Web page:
Endemicity and distribution ranges of Symbiodinium types have mostly been inferred using the ITS2 in studies generally constituting 1–2 colonies per host species [e.g. [5], [9], [12], [63]]. The utility of small host sample sizes is to enable a ”snapshot” of Symbiodinium diversity from various host species from numerous reef environments. However, replicate sampling of host species on reefs previously targeted in “snapshot” Symbiodinium diversity studies often reveal missed diversity among endosymbiont communities within a host. For example, Pocillopora damicornis, Stylophora pistillata, Acropora palifera and Goniastrea favulus have all been shown to associate with a higher diversity of Symbiodinium than originally perceived around Heron Island in the Great Barrier Reef [5], [10], [18], as was Porites lobata in Hawai'i [72], and Montastraea franksi and Siderastrea siderea in the Caribbean [73]. Similarly, a Symbiodinium ITS2 sequence previously considered to be Caribbean-specific was reported from Acropora at Johnston Atoll in the central Pacific [16]. Symbiodinium ITS2 C17 and C21 were not previously reported from marine invertebrates hosts in Hawai'i [33], yet they were all recovered here from increased sampling of one host species, at a single depth, from a single bay. As such, some of the generalized biogeographic and host specificity patterns of Symbiodinium may simply reflect a gross under-sampling of endosymbiont communities in marine invertebrates [9]. The higher Symbiodinium diversity and among colony endosymbiont variation shown here and in the studies described above, shows that some of the biogeographic patterns in Symbiodinium distribution and host specificity do not hold with increased sampling effort. As such, a much greater depth of sampling on a global scale will be required to accurately describe radiation within the genus, understand host specificity and the environmental thresholds of symbioses, and define biogeographic patterns in Symbiodinium diversity.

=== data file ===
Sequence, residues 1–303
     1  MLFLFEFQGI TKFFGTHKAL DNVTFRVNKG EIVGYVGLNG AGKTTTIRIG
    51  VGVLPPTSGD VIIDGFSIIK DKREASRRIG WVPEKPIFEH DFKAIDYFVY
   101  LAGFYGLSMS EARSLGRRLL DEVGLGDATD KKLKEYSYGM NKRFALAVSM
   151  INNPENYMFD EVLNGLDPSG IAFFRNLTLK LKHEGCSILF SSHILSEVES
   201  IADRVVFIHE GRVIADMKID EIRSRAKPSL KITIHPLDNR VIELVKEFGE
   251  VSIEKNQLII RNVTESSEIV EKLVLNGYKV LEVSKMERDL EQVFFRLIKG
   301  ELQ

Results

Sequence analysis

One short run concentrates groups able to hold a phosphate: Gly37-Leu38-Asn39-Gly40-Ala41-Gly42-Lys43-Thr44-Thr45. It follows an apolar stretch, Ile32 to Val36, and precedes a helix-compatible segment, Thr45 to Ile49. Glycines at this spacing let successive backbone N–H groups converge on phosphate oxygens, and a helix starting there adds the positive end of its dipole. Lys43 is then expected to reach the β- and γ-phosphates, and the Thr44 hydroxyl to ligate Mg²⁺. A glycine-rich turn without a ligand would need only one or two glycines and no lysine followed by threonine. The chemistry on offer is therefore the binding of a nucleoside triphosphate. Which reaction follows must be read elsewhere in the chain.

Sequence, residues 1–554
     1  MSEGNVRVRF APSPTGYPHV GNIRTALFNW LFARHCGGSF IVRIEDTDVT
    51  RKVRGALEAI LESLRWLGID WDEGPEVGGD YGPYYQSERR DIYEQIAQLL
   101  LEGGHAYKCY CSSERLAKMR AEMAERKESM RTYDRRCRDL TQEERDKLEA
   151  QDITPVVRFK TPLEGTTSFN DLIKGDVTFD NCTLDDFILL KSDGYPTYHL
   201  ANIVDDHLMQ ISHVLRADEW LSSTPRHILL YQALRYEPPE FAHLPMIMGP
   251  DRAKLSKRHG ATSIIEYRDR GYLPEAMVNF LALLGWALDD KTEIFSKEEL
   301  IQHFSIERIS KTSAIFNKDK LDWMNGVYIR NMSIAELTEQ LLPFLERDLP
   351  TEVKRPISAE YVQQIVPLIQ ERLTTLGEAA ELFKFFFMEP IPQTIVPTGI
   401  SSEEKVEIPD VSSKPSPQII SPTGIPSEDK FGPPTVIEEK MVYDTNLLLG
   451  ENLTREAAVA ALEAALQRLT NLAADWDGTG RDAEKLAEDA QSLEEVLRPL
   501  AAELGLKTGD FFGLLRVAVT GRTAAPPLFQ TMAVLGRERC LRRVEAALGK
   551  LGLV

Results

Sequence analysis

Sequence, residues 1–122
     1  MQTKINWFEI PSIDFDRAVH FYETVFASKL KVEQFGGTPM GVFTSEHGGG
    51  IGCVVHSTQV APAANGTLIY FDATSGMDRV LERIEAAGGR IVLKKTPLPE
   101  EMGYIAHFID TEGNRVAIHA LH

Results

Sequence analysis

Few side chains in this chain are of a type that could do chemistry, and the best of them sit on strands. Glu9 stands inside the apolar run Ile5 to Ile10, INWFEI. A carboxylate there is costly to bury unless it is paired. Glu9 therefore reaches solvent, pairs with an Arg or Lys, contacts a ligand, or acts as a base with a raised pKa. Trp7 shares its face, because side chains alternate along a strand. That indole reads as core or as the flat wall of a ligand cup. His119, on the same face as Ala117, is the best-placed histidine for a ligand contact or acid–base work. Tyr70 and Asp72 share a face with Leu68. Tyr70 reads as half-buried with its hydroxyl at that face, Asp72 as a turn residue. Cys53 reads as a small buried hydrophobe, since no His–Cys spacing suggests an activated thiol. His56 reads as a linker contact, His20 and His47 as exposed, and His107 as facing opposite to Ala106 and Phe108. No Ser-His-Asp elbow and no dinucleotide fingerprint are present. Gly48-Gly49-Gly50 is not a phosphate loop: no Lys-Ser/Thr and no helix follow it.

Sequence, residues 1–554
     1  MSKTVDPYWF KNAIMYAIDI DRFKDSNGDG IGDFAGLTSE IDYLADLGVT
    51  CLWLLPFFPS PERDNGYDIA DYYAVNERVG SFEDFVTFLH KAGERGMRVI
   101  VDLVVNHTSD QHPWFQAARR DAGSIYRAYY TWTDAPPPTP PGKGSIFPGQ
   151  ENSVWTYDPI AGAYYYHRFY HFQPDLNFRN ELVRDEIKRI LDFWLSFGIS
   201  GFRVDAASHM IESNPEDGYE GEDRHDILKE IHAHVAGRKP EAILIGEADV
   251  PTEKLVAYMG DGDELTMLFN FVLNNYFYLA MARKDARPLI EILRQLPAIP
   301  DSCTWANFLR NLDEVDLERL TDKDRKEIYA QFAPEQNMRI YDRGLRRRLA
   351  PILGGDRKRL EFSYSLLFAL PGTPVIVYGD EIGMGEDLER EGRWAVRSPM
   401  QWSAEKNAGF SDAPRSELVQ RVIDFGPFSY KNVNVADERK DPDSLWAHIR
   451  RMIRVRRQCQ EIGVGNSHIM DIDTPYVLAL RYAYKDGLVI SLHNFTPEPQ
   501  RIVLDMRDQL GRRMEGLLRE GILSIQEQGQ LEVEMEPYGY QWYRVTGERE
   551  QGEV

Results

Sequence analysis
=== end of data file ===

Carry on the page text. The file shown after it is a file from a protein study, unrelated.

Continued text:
Sampling strategy to recover Symbiodinium diversity